None of the markers, what does that mean? Did she have normal blood levels (IGA TTG, etc) or was it genetic?

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Wouldn't she have been on drugs to suppress her immune system for a transplant?  Or was the match perfect, so that wasn't part of the treatment plan after the transplant?

 

If she was on drugs to supress the immune system, then wouldn't the drugs have been responsible for her immune system not attacking the small intestine after ingesting gluten?

 

The medical community is now recognizing Non Celiac gluten intolerance.  These people are not testing positive for celiac with gut damage, but are having more nuerological symptoms from ingesting gluten.

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Celiac Disease does not go into remission and cannot be cured, I'm afraid.  You are the victims of medical negligence and lack of education on the disease.

 

As others have mentioned, your daughter would have had her immune system totally suppressed before a bone marrow transplant and that would have rendered all blood testing useless.  If, added to that, she had been gluten free, then she would have tested negative on blood work.  Add to that she could have been in the honeymoon phase of Celiac, which occurs druing the teen years and early twenties.  When puberty happens and those hormones kick in,

it can mute the symptoms of Celiac so you become asymptomatic and think it has "gone away". Symptoms often crop up again in your late twenties, when hormones start to ebb a bit.  This is what happened to me.  My symptoms returned, en force, in my late twenties and they were horrible.

 

Blood cancers are linked to Celiac because blood cancers are cancers of the immune system. Celiac is an immune disease.

 

I am so very sorry you were given this information and I urge you to keep her on a gluten-free diet for life.  She has had cancer once and you don't want that to ever happen again.  No need to test her...if she was diagnosed as a Celiac as a child, she will be one for life.  Best wishes to your daughter and I sincerely hope her health continues to be excellent......no cancer!

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My daughter was diagnosed with celiac disease at 2 years of age and we went on a whole house gluten-free diet at that time.  When she was 12 she was diagnosed with AML leukemia.  She underwent all the treatment protocols, including a bone marrow transplant from her full brother, who was a perfect match.  He, however, was not celiac and after the transplant was fully engrafted she was retested for celiac disease (blood only) and showed none of the markers in the blood for celiac disease.  Woohoo!  Doctors were ecstatic, scientific papers were written.  Everyone went back to the wheat based diet.  That was 10 years ago and she is still cancer free.  However, a couple years ago she developed seizure disorder and is on very strong and multiple medications for her seizures.  She was also diagnosed with Autism Spectrum Disorder, Aspergers, etc.  We are of the thought that the celiac disease has returned, despite the transplant, and we have returned to the gluten-free diet.  We have not had her retested for celiac disease but because there are other symptoms; the nausea, diarrhea, bloating, skin problems, etc that had been creeping in even before she started the medications for her seizures, we feel pretty certain she has a gluten issue again.  I am asking if anyone has had a 'medically induced' remission from celiac disease and then a relapse, if it's possible, etc.?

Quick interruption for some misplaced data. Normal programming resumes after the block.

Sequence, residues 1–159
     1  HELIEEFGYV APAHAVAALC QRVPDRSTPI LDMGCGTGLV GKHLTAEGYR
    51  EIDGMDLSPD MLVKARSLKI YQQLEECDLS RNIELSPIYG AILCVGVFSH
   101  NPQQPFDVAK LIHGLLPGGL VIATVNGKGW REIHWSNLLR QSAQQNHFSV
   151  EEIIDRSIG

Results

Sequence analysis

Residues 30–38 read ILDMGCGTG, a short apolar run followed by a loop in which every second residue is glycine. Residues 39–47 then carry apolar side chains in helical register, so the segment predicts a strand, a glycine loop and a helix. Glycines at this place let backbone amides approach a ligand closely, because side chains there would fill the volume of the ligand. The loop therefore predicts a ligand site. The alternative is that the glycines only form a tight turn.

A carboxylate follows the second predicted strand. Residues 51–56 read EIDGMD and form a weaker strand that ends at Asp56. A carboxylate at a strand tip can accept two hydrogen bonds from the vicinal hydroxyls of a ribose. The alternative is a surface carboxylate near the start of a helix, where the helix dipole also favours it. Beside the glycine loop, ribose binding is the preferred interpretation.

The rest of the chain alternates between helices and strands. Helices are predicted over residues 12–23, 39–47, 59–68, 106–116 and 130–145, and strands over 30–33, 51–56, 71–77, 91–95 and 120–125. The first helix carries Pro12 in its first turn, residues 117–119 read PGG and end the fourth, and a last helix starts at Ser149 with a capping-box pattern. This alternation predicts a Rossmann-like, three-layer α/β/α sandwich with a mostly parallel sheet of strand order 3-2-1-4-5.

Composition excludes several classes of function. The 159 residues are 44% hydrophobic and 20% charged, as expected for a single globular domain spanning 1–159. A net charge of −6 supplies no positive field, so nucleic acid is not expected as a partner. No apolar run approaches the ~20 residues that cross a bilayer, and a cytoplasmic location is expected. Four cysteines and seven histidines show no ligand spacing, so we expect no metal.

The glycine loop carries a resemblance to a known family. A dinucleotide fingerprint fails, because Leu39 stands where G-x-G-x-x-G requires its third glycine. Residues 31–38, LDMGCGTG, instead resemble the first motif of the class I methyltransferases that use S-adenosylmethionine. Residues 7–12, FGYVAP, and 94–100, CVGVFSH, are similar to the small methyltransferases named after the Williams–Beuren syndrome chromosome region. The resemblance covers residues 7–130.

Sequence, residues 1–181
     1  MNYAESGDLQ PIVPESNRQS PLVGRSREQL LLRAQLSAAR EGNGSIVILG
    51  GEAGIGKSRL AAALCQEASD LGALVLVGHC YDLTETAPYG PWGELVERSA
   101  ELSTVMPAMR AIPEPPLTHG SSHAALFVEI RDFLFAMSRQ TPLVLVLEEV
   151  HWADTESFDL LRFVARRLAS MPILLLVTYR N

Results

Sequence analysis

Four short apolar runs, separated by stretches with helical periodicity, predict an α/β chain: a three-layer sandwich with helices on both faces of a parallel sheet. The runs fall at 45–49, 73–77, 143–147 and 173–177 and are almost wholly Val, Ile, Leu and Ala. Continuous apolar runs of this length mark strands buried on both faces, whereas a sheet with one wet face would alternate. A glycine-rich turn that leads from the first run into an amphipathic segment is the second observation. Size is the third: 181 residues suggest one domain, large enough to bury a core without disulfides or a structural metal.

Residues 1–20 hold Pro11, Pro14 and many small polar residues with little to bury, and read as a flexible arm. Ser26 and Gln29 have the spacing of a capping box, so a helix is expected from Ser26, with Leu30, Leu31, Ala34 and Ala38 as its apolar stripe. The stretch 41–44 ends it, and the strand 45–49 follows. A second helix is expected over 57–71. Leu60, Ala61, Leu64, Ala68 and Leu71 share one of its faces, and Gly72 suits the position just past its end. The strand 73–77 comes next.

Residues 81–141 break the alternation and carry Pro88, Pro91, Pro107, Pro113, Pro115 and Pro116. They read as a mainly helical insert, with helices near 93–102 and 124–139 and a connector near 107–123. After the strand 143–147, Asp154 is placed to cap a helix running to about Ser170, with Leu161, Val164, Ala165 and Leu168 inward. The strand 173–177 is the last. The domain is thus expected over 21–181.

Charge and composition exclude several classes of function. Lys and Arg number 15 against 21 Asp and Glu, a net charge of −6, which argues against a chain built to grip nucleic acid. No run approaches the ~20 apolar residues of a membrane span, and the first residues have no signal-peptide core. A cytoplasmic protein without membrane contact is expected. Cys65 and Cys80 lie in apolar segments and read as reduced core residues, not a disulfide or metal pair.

I also remember, way back when she was first diagnosed, I read a pamphlet that was published by a Canadian celiac group or foundation that specifically said there was a link between celiac disease and leukemia.  I cleared out all my celiac disease reference materials when she was in remission and have never been able to confirm that again.  Has anyone else heard or read of that connection?

a celiac is a celiac is a celiac.... It doesn't get up and go away... it can just go dormant.. it is in the family genetically.  So you have to adhere to the diet.  Medical science cannot fix it.